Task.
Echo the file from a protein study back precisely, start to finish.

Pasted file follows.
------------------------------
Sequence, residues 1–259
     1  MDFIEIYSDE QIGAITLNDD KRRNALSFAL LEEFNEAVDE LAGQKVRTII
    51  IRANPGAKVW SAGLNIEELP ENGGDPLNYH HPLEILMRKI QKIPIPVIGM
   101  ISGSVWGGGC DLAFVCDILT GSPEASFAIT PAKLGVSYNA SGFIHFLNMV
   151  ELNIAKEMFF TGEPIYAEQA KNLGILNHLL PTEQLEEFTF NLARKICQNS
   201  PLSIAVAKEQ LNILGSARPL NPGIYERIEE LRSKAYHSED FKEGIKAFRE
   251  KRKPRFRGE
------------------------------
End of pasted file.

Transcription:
Sequence, residues 1–259
     1  MDFIEIYSDE QIGAITLNDD KRRNALSFAL LEEFNEAVDE LAGQKVRTII
    51  IRANPGAKVW SAGLNIEELP ENGGDPLNYH HPLEILMRKI QKIPIPVIGM
   101  ISGSVWGGGC DLAFVCDILT GSPEASFAIT PAKLGVSYNA SGFIHFLNMV
   151  ELNIAKEMFF TGEPIYAEQA KNLGILNHLL PTEQLEEFTF NLARKICQNS
   201  PLSIAVAKEQ LNILGSARPL NPGIYERIEE LRSKAYHSED FKEGIKAFRE
   251  KRKPRFRGE